The Arizona Board of Regents in February approved a budget increase for the renovation of ASU's G. Homer Durham Language and Literature building, which is the building's first major renovation in 50 years.
The building is located near the intersection of University Drive and College Avenue. It is also home to the School of International Letters and Cultures.
The original budget approved for the approximately 137,000-gross-square-foot project back in January 2018 was $45 million. Now, the budget for the same project has increased to $65 million to include more renovations, such as windows installations and technology upgrades.
As the University builds state-of-the-art facilities across its campuses and gets involved in innovative, technology-oriented commercial projects, faculty and students who take classes in the Durham building say it will bring the site up-to-speed with ASU's increasingly modern landscape.
According to the board’s document, ASU will pay for the project through selling its system revenue bonds. These bonds are dedicated to financing new academic and research facilities, academic and laboratory remodeling and infrastructure changes. When ASU pays back the bond, the sources of revenue pledged to the bondholders will include student tuition and fees and net investment income.
ASU is required to sell one or more series of its system revenue bonds to help finance the project.
The project includes removal of asbestos-containing materials in the building, renovations to the infrastructure of the building, such as flooring, walls and ceilings, and also includes technological updates within the building. All six floors and the basement will be remodeled.
The building was first built in 1964 and later updated in 1969. No change to the structure of the building has been made since then.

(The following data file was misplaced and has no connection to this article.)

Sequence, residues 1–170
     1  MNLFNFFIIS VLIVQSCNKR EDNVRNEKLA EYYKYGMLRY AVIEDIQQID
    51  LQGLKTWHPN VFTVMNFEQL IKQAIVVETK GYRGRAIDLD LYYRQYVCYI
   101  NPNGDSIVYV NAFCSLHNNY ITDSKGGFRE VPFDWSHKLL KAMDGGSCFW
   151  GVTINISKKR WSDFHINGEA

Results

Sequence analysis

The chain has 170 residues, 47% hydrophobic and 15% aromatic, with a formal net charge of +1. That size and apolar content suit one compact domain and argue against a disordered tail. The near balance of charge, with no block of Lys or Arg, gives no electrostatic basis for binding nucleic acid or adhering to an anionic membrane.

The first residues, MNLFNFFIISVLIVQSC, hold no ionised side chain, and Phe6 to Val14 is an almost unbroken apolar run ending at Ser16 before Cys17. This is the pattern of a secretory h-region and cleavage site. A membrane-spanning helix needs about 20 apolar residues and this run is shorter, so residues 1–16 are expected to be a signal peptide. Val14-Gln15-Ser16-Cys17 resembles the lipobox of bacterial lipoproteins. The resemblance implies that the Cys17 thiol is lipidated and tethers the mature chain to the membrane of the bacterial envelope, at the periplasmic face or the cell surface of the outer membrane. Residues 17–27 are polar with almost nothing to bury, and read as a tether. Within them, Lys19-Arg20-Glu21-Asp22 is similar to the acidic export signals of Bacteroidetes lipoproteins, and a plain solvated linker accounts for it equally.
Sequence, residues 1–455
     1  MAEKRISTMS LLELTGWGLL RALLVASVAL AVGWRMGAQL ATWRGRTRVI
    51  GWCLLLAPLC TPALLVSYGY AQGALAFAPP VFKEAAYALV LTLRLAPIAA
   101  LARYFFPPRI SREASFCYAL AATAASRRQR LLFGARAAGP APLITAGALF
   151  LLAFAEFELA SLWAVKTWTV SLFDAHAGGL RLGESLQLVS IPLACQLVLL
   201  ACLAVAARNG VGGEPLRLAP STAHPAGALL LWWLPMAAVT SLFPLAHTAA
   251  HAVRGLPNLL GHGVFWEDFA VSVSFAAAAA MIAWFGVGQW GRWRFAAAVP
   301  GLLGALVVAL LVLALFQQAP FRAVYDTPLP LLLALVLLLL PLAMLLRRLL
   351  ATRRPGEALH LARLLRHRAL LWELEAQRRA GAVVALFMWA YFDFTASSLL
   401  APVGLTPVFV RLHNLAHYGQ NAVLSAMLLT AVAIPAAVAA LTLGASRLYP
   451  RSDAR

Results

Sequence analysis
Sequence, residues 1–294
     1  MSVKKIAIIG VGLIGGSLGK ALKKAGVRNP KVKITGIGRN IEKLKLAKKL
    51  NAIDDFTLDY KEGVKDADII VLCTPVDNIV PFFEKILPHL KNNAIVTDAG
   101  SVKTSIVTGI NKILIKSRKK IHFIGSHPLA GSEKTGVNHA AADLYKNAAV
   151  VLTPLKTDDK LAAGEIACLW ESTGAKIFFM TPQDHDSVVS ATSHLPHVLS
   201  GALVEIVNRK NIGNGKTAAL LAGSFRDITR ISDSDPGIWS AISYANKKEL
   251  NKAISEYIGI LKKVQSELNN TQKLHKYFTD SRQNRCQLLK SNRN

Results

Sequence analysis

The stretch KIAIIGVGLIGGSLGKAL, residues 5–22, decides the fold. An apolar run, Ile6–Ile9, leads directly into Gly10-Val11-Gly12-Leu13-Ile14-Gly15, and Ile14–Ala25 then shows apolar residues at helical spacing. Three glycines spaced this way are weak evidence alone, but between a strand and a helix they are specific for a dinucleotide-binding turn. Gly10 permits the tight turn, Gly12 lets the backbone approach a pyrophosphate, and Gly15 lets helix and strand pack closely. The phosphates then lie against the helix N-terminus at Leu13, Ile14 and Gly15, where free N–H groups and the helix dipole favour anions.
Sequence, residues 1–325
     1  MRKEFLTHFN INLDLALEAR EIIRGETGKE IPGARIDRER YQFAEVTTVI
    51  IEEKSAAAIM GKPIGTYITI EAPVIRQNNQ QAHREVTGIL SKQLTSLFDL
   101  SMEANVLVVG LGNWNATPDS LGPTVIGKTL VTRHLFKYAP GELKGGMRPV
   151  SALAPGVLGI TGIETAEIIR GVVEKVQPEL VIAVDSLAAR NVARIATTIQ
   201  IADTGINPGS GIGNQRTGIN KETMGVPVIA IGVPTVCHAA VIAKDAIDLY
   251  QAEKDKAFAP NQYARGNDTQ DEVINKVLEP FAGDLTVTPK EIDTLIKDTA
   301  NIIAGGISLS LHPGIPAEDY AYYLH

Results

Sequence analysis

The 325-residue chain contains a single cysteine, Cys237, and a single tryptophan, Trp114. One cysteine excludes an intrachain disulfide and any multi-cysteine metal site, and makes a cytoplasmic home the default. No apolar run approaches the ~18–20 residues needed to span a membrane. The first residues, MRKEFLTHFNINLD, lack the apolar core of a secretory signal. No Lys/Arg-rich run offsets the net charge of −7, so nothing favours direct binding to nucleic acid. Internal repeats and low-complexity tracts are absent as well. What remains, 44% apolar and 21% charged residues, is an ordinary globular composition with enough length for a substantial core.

Sky Levin, a junior majoring in Japanese who takes classes in the Durham building for his major, described the current building as “shabby” and not the most effective environment for learning.
“It could use more windows, cleaner windows,” Levin said. “A lot of pigeons tend to roost where the windows are, so they’re very messy, and they distract while the teacher is lecturing.”
Kameron Moore, a sophomore majoring in biomedical engineering and Spanish linguistics, said while he didn't feel like the current building did not harm his education experience, the construction currently going on does.
"There's a bunch of noise and construction going on during the renovation," Moore said. "We hear people banging on walls and moving things around all the time."
But Moore said, despite the distraction caused by the construction, the renovation will ultimately benefit the building.
"I don't think the decision to remodel the building was a mistake," he said. "Remodeling the old building is good to keep our campus modern and relevant."
Nina Berman, a professor and director of the School of International Letters and Cultures, said other problems with plumbing have also hurt the learning environment.
“There was a toilet on the first floor that students would also use, but it started overflowing, and sewage dripped into Learning Support Services,” Berman said.
Levin said the current state of the building makes the students in the School of International Letters and Cultures feel isolated from the rest of the University.
"I feel like we’re kind of left out," Levin said. "We’re separate from the rest of the school in some cases."
Berman said that SILC has worked closely with ASU on the project. The school's faculty meets with The College of Liberal Arts and Science on a bi-weekly basis, she said, and then the College frequently meets with other parties involved with the project, such as construction and legal staff.
Originally, the project did not include renovations on the building’s windows — some rooms lack windows altogether, and others are 60 years old, Berman said. But she said that the budget increase, which allows for funding for the windows, is something that she "fought hard for."
"I was completely shocked when I heard that they were going to remodel the building on the insides … but then leave all those really ancient windows," she said.
Berman said she and other professors and students in her school are optimistic for the remodeled building.
“We’re very excited because this re-conceptualized version of (the building) will bring in more light, we will have more up-to-date classrooms and there will be advising and learning support services will be in one area,” she said. “It will have all kinds of more up-to-date technology.”